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Coronavirus Freight Update – 9th April 2020

Coronavirus Freight Update – 9th April 2020

Coronavirus: Freight Update 9th April 2020

Due to the Coronavirus outbreak, freight and shipping are a constantly moving picture at the moment. If you have missed the daily posts on LinkedIn this week, we’re bringing you a weekly roundup on our blog to help your business.

If you are not following us on LinkedIn – please find us here

The areas we’re covering in relation to freight and Coronavirus:

Trucks in Europe:

Trucks in EuropeThe good news is EU & UK borders are operating normally, freight vehicles moving freely.

Eurotunnel and ferries are operating full schedules. Depots in Europe remain fully operational with some countries restricting goods transport. Non-essential industries are closed or suspending production so these volumes are missing.

We are monitoring these changes closely in order to react quickly to your requirements if schedule adjustments are needed. Frequent departures are being maintained to secure supply chains.

Advice: Please check each individual order to make sure your client is open. If this is the case then we will continue to operate our collection service in the UK as normal.

Sea Freight Update

Sea Freight Update Ocean Freight update. Despite varying degrees of lockdown, worldwide sea freight remains operational. The ports in the UK are reporting good service.

The Far East all ports and landside operations are working as normal.
Indian Sub-Continent, lockdowns in place from March to April varying in length causing varying levels of activity in some cases slow and limited.

USA full load imports unchanged Eastbound services in place.

Far East intermodal integrity remains good

Indian Subcontinent, the Middle East and South Africa varying degrees of lockdown March to April. Ports and customs mainly operational.
If you have a specific requirement then please call for further information 02476 343037
If you need any help planning sea freight, call us or contact us.

Air Freight Update:

Air Freight UpdateAir freight up-date – it’s still possible to move freight by air, but it’s more difficult than you may normally be used to…

There is an acute shortage of lift at a time of high demand due to the majority of carriers closing down or making big cuts in their passenger networks. To help address the needs of our customers we are working closely with our long-term carrier partners. At an unpredictable time, we are unable to hold lead times at their applicable rate, alternatively, charter space will be offered at the market rate when available.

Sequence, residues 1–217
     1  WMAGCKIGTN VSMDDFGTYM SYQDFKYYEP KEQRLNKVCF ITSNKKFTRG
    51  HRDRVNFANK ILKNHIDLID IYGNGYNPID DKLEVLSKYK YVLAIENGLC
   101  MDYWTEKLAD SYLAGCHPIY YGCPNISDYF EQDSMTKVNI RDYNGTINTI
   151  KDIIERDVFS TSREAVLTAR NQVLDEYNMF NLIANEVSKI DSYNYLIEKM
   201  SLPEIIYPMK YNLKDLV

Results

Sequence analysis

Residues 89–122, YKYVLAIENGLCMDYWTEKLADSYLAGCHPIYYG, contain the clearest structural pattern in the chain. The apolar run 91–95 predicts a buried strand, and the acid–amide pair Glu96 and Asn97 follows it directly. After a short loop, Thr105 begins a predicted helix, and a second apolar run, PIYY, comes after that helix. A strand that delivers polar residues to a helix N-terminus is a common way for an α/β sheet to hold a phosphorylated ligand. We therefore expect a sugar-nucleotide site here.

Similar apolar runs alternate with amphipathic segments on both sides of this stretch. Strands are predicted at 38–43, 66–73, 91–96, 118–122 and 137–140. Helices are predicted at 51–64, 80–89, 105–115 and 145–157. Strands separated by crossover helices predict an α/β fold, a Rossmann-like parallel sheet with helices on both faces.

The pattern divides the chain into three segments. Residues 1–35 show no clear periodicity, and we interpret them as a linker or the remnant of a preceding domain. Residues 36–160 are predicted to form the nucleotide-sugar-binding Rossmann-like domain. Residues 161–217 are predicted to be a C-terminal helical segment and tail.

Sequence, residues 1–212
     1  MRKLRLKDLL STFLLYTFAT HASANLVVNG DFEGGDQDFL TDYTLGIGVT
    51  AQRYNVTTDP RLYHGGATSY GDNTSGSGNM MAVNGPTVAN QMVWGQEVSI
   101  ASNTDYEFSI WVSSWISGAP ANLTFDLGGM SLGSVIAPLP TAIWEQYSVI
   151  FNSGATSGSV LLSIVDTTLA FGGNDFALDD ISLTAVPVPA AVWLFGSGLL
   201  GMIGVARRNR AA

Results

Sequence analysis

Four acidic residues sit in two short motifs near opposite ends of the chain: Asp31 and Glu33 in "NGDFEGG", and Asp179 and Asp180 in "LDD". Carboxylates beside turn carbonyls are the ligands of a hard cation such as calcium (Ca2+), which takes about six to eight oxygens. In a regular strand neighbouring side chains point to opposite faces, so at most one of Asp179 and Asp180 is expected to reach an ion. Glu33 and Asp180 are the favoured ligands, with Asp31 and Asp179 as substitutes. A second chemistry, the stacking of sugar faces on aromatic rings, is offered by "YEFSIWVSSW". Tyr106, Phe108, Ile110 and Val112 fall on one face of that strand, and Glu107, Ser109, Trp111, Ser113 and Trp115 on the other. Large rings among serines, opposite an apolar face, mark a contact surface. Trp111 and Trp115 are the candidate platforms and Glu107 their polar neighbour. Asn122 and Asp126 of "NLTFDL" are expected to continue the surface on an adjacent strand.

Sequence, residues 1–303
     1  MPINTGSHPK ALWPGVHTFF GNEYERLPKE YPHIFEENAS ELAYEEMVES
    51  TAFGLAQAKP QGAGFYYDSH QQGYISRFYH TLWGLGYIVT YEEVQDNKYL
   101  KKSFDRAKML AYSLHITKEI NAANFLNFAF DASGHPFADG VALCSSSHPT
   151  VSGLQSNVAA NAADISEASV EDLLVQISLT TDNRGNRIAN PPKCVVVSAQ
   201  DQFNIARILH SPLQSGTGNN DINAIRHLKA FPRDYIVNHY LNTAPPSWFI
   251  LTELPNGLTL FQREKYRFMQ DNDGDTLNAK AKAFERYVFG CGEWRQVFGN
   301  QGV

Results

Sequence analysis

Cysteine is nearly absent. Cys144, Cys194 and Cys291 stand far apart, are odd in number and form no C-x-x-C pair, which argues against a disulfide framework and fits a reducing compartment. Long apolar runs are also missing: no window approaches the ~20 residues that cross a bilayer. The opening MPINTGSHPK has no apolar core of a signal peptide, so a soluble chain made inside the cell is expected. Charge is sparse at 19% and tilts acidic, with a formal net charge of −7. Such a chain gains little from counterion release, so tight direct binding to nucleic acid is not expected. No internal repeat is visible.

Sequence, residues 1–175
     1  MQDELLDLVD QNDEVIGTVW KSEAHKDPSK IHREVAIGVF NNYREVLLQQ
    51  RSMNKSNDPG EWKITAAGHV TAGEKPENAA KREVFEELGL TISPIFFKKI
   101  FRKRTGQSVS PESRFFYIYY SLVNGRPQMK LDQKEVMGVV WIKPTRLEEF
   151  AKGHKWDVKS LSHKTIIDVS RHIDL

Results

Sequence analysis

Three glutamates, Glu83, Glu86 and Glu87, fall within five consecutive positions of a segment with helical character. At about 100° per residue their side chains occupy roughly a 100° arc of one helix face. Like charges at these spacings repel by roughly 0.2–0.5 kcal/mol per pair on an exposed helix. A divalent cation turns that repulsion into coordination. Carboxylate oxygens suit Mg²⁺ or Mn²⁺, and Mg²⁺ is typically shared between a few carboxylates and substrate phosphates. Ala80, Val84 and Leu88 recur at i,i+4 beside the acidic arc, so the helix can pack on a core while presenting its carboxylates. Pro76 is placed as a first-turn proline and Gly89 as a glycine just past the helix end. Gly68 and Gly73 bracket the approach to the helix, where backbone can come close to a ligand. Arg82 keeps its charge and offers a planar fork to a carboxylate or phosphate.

This situation is constantly evolving and our team is keeping up to date with the latest information. If you need any specific information more help or advice about your air freight shipments then give us a call.

Free Online Workshops and Calls with Independent Freight

Customs workshopsWe recognise that this is a stressful time for you, so we’re running workshops online to help you plan and learn more about customs and freight. We’re finalising content and will be launching the workshops for booking on Eventbrite very soon!

We are also offering a free freight consultation via video – we understand that you may have a lot of burning questions that would like answered, so please get in touch – we’re here to help you and your business at this time.

If you need any further help and support or have any questions, please do not hesitate to contact us to find out more about our workshops or a free consultation.

Need more information?

Find out how we can help your business

Air Freight

Tailor made solutions to meet your requirements

Sea Freight

Comptitive rates ensuring cost efficiency + reliability

Please call us on

+44 (0) 247 6343 037

For more information on Imports and Exports after Brexit, one of our freight experts will be happy to help.

"

Prepare your business for Brexit.

A Comprehensive Brexit Planning Checklist

Brexit Update

Brexit Update

Brexit Update

Now that the UK has officially left the EU albeit we are now in the Transition period where nothing much will change, it seems that the UK Government vision for Brexit is a UK which is completely independent from the EU, whereby the UK will no longer be aligned to EU rules.

This indicates that the UK will at the very best have a ‘Basic’ FTA with the EU. The Prime Minister Boris Johnson has stated that “There is no need for a free trade agreement to involve accepting EU rules,” and that he is seeking a ‘Canada Style’ Free Trade Agreement with the EU. Something we suggested would be the case over a year ago in an earlier blog. However, even a Canada Style FTA now sounds ambitious. If you would like details on the original blog please contact me.

Among individual countries, China is South Africa’s biggest trading partner, with imports and exports between the two nations totaling R263.9 billion in 2013.

It now appears that any trade deal with the EU will be subject to customs checks and for some goods border checks as well, there is now no guarantee that easements which were introduced as part of a cliff-edge Brexit will now be introduced such as TSP, zero temporary tariffs, and even VAT postponed accounting. The EU is now being talked about in the same vein as the USA and other Non-EU countries as being ‘the rest of the World’.